Reciting Ramayana non-stop for nine months…and continuing

December 31st, 2008 - 10:01 am ICT by IANS  

Jalesar (Uttar Pradesh), Dec 31 (IANS) Verses from the Hindu epic Ramayana can be heard as soon as one alights at the main bus stop in this small Uttar Pradesh town. They can be heard from loudspeakers in various neighbourhoods. The chanting emanates from an ancient temple and has been going on non-stop for nine months.The continuous recitation is part of an “Akhand Ramayana Path”, or a 24-hour reading of the epic, but residents of Jalesar in Etah district, around 350 km from state capital Lucknow, hope to continue it for another three months to complete a year.

The year-long chanting is being held in a marquee outside the Badhkeshwar Mahadev temple, which is believed to be a century old, in Jalesar’s Hathora locality.

“We have already finished reading the epic 88 times till now. As soon as we finish reading the Ramayana once, we start all over again,” Manpal Singh, who initiated the idea, told IANS.

“It was on March 9, 2008, when we started reading the Ramayana. Since then, with the support of locals, we have been reading the epic without a break,” he recalled.

As the recitation has to go on uninterrupted, different time slots have been fixed for the 50-odd people, including men, women and children, participating in the year-long religious event.

While men often take on the night shifts, women and children take charge in the mornings and afternoons respectively, ensuring that there is no break in the reading.

“Be it summer, winter or rain, we have faced them all and will continue reading the epic for the next three months, which is our aim,” said 60-year-old Singh, a retired government engineer who was with the state hydel department.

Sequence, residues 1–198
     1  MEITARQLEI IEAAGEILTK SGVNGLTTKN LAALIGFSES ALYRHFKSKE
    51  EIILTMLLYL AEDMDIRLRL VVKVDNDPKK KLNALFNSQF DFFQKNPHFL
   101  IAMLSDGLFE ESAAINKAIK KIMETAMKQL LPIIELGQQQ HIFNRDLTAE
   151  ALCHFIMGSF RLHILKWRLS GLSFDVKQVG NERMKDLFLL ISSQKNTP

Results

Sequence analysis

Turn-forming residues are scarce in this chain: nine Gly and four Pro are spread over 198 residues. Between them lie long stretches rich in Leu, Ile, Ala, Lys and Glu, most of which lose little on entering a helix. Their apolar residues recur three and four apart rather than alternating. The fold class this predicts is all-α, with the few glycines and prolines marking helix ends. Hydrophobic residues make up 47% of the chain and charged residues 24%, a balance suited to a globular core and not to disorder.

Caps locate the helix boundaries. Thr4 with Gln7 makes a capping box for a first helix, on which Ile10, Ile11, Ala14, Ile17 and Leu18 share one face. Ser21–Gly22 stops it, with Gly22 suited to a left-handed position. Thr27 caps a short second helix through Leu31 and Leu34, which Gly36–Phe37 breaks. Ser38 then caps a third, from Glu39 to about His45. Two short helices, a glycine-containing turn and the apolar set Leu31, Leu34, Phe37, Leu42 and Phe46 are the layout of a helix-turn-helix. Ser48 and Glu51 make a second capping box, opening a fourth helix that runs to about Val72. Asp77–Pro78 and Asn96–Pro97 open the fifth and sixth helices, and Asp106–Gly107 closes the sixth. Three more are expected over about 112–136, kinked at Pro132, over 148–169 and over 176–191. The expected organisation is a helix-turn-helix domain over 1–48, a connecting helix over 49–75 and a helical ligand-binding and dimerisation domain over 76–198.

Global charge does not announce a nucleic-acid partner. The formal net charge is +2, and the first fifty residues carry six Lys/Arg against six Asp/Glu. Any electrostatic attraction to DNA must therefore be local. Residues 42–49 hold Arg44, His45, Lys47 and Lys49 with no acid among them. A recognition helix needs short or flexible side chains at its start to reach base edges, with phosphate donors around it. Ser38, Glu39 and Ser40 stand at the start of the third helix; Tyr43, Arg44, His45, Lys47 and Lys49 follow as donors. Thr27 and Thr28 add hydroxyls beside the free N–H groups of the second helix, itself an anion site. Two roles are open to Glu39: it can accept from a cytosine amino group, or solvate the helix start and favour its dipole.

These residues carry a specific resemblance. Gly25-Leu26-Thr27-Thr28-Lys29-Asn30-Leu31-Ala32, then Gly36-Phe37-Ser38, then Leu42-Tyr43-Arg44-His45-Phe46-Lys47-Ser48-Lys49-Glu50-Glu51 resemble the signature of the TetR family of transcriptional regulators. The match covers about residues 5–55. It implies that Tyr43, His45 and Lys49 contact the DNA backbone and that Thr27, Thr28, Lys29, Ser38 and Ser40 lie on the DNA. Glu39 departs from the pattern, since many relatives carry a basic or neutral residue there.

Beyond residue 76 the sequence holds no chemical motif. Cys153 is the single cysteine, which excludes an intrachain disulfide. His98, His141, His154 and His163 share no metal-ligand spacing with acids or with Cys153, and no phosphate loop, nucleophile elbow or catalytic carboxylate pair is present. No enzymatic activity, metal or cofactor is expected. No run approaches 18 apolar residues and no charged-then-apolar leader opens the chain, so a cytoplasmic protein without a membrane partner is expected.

Including several daily offerings to Lord Ram, the expenses have already touched Rs.60,000.

“The people of the town are voluntarily contributing for the unique worship. While some donate cash, others take care of the prasad (offering), including different varieties of fruits, curd and sweets that are offered to the god daily,” said Vinod Kaushal, a devotee and a government servant residing in Hathora for the last 10 years.

Said Umesh Chandra, a businessman residing in Hathora: “People from all sections of society contribute generously in whatever way they can. People line up in front of the temple every day to give donations.”

The residents have also roped in priests from temples of Hindu holy towns like Varanasi and Haridwar to guide them in their endeavour.

Asked what inspired him to undertake the one-year exercise, Singh said: “To ward away post-retirement loneliness, I had an idea to involve myself in spirituality. After consulting some of my friends, the year-long, non-stop Ramayana recitation idea was conceptualised.”

(Asit Srivastava can be contacted at asit.s@ians.in)

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